• Ambrosio's sister in The Monk by Lewis (courtesy of S. Sherman)
  • Maria in Maria by Wollstonecraft (courtesy of S. Sherman)
  • Mrs. Bennet in Amelia by Fielding (courtesy of Kathleen James-Cavan)
  • One of Colonel Jack's wives in Colonel Jack by Defoe (courtesy of Max Novak)
  • Queen Yxmilla in Adventures of Eovaai by Haywood (courtesy of Suzanne Gibson)

Where I'm thinking of going with this is a study of active vs. passive female "virtue" in the 18th century. Any further examples and suggestions (and commissions!!) would be welcome. Please do not mistake my delay in posting this for a lack of appreciation quite the contrary, since the range of sources produced by the collective wisdom of the list convinced me to slow down on this project for a while. My thanks and promises of acknowledgments to all.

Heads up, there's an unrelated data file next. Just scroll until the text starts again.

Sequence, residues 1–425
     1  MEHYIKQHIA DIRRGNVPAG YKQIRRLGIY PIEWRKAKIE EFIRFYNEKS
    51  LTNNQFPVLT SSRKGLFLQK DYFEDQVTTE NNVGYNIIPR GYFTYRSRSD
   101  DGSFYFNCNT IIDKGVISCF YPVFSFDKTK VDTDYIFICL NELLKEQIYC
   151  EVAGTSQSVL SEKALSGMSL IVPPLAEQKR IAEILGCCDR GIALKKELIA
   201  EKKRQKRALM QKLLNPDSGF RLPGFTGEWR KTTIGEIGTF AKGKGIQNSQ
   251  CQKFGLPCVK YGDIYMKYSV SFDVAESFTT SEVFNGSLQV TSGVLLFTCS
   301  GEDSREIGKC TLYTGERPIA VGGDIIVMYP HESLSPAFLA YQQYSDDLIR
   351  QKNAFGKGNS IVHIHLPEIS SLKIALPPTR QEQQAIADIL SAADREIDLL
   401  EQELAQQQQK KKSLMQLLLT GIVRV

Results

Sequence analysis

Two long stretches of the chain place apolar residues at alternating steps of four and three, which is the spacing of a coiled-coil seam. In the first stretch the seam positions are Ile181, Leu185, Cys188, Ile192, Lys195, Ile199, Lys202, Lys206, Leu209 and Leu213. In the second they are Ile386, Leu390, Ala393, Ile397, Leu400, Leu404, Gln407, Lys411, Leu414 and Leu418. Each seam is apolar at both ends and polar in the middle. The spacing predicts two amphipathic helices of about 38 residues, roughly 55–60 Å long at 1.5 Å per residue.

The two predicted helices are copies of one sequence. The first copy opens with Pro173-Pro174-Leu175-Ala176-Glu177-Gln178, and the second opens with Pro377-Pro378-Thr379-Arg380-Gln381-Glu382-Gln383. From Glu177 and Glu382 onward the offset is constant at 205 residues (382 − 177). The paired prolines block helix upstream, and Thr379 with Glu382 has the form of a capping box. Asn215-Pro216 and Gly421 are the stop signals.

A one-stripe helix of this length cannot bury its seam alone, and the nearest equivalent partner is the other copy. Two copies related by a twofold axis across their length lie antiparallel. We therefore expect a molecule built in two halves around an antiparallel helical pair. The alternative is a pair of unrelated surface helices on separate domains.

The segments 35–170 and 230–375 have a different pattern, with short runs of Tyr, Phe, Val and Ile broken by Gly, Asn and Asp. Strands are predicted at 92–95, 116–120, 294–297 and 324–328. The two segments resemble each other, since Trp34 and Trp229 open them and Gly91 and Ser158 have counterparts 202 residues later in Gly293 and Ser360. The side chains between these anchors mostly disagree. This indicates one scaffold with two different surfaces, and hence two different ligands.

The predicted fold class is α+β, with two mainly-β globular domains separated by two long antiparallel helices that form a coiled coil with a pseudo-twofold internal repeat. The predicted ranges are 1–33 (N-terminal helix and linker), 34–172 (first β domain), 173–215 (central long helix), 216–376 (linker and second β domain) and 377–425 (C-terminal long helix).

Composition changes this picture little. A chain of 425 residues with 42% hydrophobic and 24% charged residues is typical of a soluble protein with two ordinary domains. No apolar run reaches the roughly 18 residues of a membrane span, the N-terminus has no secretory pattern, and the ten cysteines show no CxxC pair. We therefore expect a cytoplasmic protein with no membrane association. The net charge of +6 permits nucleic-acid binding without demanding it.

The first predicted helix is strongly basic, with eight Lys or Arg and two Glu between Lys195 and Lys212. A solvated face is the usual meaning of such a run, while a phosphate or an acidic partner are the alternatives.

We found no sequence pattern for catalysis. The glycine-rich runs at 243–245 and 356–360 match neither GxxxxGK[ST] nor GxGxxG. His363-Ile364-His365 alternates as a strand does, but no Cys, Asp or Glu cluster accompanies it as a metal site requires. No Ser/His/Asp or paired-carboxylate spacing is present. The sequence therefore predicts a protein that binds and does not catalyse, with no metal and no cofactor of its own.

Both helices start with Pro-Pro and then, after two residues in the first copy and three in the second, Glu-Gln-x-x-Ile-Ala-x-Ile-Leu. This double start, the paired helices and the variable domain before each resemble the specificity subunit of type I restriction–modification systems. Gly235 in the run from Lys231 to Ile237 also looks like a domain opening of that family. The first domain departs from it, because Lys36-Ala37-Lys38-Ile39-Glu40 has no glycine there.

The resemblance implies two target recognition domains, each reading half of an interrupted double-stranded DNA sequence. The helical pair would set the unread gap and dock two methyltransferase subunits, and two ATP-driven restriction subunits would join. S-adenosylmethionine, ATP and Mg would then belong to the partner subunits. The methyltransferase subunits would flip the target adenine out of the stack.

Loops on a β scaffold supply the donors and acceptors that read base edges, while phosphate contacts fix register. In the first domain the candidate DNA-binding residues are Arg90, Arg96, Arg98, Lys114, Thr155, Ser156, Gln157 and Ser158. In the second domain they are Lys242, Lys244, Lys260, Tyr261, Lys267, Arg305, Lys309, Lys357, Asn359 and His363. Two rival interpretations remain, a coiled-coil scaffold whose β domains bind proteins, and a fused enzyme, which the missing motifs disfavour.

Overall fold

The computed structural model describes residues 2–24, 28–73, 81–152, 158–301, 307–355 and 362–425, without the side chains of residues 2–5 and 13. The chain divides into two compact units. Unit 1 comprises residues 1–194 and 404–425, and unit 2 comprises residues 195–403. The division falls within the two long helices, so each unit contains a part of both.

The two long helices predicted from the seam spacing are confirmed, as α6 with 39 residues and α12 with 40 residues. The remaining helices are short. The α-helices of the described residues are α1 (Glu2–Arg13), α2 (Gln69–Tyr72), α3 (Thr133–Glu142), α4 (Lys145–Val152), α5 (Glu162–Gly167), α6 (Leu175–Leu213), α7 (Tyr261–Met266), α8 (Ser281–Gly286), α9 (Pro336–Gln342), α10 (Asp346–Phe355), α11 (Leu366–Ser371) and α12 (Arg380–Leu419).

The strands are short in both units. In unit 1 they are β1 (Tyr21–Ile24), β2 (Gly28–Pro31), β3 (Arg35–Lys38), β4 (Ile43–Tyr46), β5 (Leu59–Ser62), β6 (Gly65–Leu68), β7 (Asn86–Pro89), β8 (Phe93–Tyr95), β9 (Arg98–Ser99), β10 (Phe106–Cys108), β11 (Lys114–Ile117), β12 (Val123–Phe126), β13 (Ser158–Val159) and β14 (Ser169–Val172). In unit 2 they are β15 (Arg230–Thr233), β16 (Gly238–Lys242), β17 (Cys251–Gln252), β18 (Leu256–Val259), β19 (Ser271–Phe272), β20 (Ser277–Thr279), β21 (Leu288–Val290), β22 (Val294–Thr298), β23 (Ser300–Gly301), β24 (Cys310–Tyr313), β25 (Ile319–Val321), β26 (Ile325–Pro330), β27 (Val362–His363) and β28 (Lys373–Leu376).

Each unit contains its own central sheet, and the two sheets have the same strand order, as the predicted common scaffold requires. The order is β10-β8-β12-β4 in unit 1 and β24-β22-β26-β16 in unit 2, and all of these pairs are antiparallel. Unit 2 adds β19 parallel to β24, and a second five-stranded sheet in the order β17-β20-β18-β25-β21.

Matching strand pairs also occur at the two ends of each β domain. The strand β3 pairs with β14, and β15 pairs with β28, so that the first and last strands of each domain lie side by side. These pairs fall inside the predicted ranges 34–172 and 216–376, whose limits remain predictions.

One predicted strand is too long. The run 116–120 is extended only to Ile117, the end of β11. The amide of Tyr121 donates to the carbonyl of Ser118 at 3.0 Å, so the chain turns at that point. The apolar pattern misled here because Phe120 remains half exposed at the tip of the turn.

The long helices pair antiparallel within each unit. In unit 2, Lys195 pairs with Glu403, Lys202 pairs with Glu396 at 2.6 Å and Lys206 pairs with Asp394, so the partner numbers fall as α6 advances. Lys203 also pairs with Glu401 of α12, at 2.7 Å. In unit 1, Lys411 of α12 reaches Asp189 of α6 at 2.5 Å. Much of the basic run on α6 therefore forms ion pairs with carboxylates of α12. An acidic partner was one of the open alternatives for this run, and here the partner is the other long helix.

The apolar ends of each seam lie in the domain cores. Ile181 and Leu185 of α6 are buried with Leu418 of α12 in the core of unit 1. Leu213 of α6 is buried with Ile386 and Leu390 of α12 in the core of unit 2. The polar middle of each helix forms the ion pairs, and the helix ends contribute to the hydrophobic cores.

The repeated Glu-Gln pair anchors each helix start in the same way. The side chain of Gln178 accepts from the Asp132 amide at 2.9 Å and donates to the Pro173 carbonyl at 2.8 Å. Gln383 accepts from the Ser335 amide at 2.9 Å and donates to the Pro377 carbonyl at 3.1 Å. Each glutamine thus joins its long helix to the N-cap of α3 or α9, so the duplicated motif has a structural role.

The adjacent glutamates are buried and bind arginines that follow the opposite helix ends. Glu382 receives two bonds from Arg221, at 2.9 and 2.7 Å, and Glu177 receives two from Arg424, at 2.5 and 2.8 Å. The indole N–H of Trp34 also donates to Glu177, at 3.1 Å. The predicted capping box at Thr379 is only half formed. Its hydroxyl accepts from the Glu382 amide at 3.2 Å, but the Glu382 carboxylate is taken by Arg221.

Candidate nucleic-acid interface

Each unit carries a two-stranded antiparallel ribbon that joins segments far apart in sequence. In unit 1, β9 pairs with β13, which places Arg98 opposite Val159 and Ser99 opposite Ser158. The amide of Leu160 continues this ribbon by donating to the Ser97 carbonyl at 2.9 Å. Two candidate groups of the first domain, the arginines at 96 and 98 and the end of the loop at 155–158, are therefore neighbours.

Allen Michie
Coastal Carolina University

Thomas Krise had one more example to add:

Another example is Polly Haycock's mother in The Fortunate Transport ("By a Creole," c.1750), who, while sleeping next to a haycock (hence her daughter's name), is raped by a man who is out "drawing the Landskip." She doesn't notice the rape initially because she is dreaming of making love to the deputy governor of Jamaica (honest!). Her Moll Flandersesque daughter grows up to become the wealthy widow of several Jamaica planters, and winds up having a liaison with the deputy governor, closing the peculiar loop.

Tom Krise
Nat'l Defense Univ, Washington, DC

Other posts under this date in the novel:
             Rape in Clarissa and Middleton's Women Beware Women
             The Rape: The Effects of Epistolary Rearrangement
             A Symphony and New Phase
             Rape As Attack